e. Sam passes for a linguist. – ‘for’ is a preposition that introduces the prepositional phrase ‘for a linguist’.
f. You should stand by your friend.
Write five phrasal verb phrases.
Verb + particle (particle phrasal verbs)
When the element is a particle, it can not (or no longer) be construed as a preposition, but rather is a particle because it does not take a complement. These verbs can be transitive or intransitive. If they are transitive, they are separable.
a. They brought that up twice. – up is a particle, not a preposition.
b. You should think it over. – over is a particle, not a preposition.
c. Why does he always dress down? – down is a particle, not a preposition.
d. You should not give in so quickly. – in is a particle, not a preposition.
e. Where do they want to hang out? – out is a particle, not a preposition.
f. She handed it in. – in is a particle, not a preposition.
Verb + particle + preposition (particle-prepositional phrasal verbs)
Finally, many phrasal verbs are combined with both a preposition and a particle.
Examples and explanations:
a. Who can put up with that? –’ up’ is a particle and ‘with’ is a preposition.
b. She is looking forward to a rest. – ‘forward’ is a particle and’ to’ is a preposition.
c. The other tanks were bearing down on my panther. – down is a particle and ‘on’ is a preposition.
d. They were really teeing off on me. – ‘off’ is a particle and ‘on’ is a preposition.
e. We loaded up on Mountain Dew and Doritos. – ‘up’ is a particle and ‘on’ is a preposition.
f. Susan has been sitting in for me. – ‘in’ is a particle and ‘ for’ is a preposition.
The modal verbs of English are a small class of auxiliary verbs used mostly to express modality (properties such as possibility, obligation, etc.). They can be distinguished from other verbs by their defectiveness (they do not have participle or infinitive forms) and by the fact that they do not take the ending -(e)s in the third-person singular.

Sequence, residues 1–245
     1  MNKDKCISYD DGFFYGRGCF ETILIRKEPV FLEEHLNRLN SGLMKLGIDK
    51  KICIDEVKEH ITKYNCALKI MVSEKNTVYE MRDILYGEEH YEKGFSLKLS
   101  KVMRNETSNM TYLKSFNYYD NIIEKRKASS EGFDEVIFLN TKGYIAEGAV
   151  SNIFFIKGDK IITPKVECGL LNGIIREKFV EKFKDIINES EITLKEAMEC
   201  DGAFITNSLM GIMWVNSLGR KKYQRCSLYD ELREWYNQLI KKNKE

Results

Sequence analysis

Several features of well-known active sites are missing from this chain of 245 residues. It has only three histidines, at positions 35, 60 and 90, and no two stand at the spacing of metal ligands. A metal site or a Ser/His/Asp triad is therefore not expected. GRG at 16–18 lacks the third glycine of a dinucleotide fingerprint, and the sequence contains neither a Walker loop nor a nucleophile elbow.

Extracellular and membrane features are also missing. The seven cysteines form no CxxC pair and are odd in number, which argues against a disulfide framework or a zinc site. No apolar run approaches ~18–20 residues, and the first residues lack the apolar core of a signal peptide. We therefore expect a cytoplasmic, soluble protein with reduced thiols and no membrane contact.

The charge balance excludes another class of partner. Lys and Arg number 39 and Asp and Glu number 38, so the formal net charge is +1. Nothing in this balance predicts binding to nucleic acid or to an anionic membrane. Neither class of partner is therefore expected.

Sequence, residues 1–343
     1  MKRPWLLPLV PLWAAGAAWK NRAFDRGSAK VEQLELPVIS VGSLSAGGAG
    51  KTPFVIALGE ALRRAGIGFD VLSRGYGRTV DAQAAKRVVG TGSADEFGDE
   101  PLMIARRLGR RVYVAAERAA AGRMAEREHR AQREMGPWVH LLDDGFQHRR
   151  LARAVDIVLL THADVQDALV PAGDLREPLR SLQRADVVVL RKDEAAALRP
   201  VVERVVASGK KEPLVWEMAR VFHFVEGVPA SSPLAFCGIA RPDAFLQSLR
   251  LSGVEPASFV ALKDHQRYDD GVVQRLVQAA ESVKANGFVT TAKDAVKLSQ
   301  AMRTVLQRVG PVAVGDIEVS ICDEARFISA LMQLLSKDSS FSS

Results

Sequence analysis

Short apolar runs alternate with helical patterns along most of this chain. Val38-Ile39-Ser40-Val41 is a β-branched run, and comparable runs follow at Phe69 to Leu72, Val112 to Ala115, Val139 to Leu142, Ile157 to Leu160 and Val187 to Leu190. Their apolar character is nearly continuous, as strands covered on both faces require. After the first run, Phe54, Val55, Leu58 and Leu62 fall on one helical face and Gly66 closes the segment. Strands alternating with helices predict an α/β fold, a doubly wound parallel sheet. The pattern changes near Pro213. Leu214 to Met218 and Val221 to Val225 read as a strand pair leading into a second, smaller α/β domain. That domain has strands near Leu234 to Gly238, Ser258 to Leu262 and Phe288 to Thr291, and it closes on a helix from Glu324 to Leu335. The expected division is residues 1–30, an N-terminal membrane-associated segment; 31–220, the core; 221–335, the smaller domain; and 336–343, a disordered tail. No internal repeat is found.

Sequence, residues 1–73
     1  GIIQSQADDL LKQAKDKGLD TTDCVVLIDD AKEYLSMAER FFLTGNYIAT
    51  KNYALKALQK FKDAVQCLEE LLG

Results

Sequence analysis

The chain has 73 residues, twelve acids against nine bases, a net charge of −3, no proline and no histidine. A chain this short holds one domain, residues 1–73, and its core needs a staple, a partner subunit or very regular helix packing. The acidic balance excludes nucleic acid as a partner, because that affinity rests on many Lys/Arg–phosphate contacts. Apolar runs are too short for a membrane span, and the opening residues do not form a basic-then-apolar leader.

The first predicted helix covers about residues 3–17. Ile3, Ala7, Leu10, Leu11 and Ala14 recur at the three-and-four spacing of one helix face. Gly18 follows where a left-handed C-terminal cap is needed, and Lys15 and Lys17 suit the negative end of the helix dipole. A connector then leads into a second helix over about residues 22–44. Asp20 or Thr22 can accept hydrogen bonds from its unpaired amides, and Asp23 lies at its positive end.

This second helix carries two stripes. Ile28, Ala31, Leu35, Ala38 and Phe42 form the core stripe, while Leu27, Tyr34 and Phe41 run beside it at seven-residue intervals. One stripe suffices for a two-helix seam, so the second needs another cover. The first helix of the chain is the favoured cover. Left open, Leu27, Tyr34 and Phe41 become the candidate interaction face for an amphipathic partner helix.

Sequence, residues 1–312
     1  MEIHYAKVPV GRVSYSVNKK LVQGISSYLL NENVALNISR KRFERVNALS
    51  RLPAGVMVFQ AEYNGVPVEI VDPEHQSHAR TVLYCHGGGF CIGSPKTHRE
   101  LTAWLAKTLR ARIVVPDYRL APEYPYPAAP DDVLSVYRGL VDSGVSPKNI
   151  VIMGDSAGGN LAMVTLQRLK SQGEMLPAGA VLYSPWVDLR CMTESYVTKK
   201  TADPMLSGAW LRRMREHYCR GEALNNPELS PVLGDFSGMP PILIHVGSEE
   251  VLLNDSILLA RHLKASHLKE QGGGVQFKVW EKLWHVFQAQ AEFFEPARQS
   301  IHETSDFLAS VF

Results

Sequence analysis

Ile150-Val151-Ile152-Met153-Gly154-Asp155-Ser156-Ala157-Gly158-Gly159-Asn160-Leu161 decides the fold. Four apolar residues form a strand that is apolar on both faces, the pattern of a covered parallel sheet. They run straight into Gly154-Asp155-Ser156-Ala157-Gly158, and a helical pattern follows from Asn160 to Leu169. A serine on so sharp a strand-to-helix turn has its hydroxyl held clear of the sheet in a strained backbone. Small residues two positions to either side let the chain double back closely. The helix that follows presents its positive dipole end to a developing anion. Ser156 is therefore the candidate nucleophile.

The principal English modal verbs are can, could, may, might, must, shall, should, will and would. Certain other verbs are sometimes, but not always, classed as modals; these include ought, had better, and (in certain uses) dare and need.
In English, modal verbs as must, have to, have got to, can’t and couldn’t are used to express deduction and contention. These modal verbs state how sure the speaker is about something.
You’re shivering—you must be cold.
Someone must have taken the key: it is not here.
I didn’t order ten books. This has to be a mistake.
These aren’t mine—they’ve got to be yours.
It can’t be a burglar. All the doors and windows are locked.
Interrogative content clauses, often called indirect questions, can be used in many of the same ways as declarative ones; for example, they are often direct objects of verbs of cognition, reporting, and perception, but here they emphasise knowledge or lack of knowledge of one element of a fact:
I know what you did.
I can’t guess how he managed it.
I wonder whether I looked that bad.
She asked where the files were.